Racial divide did influence jury's verdict
The Sun's editorial "An imperfect system" (May 27) stated, "No one can say that a racially mixed jury in Anne Arundel County would have rendered a different verdict in the beating death of Noah Jamahl Jones." Really?
I was surprised The Sun made that statement, as The Sun and The Washington Post have reported that both of the black alternates who served with the jury that acquitted Jacob Tyler Fortney indicated that they would have found Mr. Fortney guilty of some of the charges ("Teen acquitted in Jones' death," May 13).
One of the alternate jurors even publicly proclaimed that "justice was not served."
There is little doubt that if the two black alternates had been on the jury itself, the panel would have reached a different conclusion.
However, I do agree with the headline: We do have an imperfect system, and while there are those who believe race was not a factor in the ultimate decision of the jury, it appears that the racial divide in this case is similar to the one in the O. J. Simpson case.
Blacks and whites are looking at the same facts and yet reaching different conclusions.
It is my hope that our elected officials, members of the judiciary and the clergy will move quickly to address this growing gulf in our criminal justice system.
It is not healthy to have the views of justice of a portion of our citizenry jaded by an imperfect system.
Carl O. Snowden
Give 'Deep Throat' the Medal of Honor
With its extremely contentious and paranoid relationship with the press, I eagerly await the Bush-Rove team's spin on the revelation of the identity of Watergate's "Deep Throat" ("Decades later, 'Deep Throat' unmasked," June 1). That should be an interesting rewrite of history.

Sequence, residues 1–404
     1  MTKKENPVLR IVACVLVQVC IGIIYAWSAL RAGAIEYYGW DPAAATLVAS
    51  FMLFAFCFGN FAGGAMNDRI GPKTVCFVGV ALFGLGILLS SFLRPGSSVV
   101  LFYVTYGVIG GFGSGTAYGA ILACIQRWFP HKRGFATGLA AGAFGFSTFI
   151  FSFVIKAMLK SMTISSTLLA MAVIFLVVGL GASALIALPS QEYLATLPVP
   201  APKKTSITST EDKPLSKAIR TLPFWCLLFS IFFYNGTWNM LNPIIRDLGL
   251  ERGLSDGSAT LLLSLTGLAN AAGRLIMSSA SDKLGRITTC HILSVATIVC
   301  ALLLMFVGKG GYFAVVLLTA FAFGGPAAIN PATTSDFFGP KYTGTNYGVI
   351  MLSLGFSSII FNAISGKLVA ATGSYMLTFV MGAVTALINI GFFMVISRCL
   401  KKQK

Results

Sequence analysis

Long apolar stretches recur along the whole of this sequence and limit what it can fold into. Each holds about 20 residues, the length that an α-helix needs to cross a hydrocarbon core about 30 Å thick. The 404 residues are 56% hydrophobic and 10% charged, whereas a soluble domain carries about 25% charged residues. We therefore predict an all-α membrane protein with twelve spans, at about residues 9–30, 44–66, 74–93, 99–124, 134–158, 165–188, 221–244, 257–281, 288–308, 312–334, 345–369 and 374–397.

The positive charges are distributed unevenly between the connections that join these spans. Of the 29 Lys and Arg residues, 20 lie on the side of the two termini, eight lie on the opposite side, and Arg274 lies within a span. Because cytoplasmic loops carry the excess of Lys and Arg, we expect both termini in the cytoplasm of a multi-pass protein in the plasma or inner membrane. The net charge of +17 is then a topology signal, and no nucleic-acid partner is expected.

I believe whistleblowers such as Daniel Ellsberg and W. Mark Felt should be awarded Congressional Medals of Honor for keeping America aware of the cleansing truths our government works overtime to deny.
Michael S. Eckenrode
GOP senators betray battle to save nation
I am becoming more and more a conservative and less and less a Republication. GOP Sens. John W. Warner, John McCain, Lindsay Graham, Susan M. Collins, Lincoln Chafee and Olympia J. Snowe are gutless wonders. They caved in to the likes of Sen. Edward M. Kennedy, Sen. Harry Reid and Democratic National Chairman Howard Dean in concluding a deal that will make it more difficult for judges to get an up-or-down vote in the Senate ("Conservative leaders taking aim at Senate compromise on filibusters," May 29).
We are in a culture war in this country to determine whether we are going to preserve America as a "Shining City on the Hill," as that great American Ronald Reagan characterized our country.
The liberal judiciary continues to steer Americans toward cultural Armageddon, even though the Democratic liberals are in the minority.
The "Shining City on the Hill" is doomed from within by traitors to the cause of fairness, patriotism, moral decency, the true American spirit and courage to do the right thing.